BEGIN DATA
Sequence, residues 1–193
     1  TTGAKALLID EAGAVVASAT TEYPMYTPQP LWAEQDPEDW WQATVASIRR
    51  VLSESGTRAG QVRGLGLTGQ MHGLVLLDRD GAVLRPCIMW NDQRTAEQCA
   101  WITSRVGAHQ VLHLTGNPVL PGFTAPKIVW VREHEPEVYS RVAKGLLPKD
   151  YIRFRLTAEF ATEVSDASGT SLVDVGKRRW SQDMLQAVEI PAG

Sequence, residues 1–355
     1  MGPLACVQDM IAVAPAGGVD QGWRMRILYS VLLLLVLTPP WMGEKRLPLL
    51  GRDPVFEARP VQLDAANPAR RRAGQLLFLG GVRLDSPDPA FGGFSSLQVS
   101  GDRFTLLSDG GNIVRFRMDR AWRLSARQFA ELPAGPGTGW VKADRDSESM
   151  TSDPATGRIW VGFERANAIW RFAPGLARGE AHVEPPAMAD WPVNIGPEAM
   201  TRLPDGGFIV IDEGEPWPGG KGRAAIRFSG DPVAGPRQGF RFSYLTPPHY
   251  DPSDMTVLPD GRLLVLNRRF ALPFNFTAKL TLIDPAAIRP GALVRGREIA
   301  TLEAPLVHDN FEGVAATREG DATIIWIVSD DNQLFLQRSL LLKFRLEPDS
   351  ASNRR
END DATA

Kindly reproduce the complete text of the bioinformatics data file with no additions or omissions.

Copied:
Sequence, residues 1–193
     1  TTGAKALLID EAGAVVASAT TEYPMYTPQP LWAEQDPEDW WQATVASIRR
    51  VLSESGTRAG QVRGLGLTGQ MHGLVLLDRD GAVLRPCIMW NDQRTAEQCA
   101  WITSRVGAHQ VLHLTGNPVL PGFTAPKIVW VREHEPEVYS RVAKGLLPKD
   151  YIRFRLTAEF ATEVSDASGT SLVDVGKRRW SQDMLQAVEI PAG

Sequence, residues 1–355
     1  MGPLACVQDM IAVAPAGGVD QGWRMRILYS VLLLLVLTPP WMGEKRLPLL
    51  GRDPVFEARP VQLDAANPAR RRAGQLLFLG GVRLDSPDPA FGGFSSLQVS
   101  GDRFTLLSDG GNIVRFRMDR AWRLSARQFA ELPAGPGTGW VKADRDSESM
   151  TSDPATGRIW VGFERANAIW RFAPGLARGE AHVEPPAMAD WPVNIGPEAM
   201  TRLPDGGFIV IDEGEPWPGG KGRAAIRFSG DPVAGPRQGF RFSYLTPPHY
   251  DPSDMTVLPD GRLLVLNRRF ALPFNFTAKL TLIDPAAIRP GALVRGREIA
   301  TLEAPLVHDN FEGVAATREG DATIIWIVSD DNQLFLQRSL LLKFRLEPDS
   351  ASNRR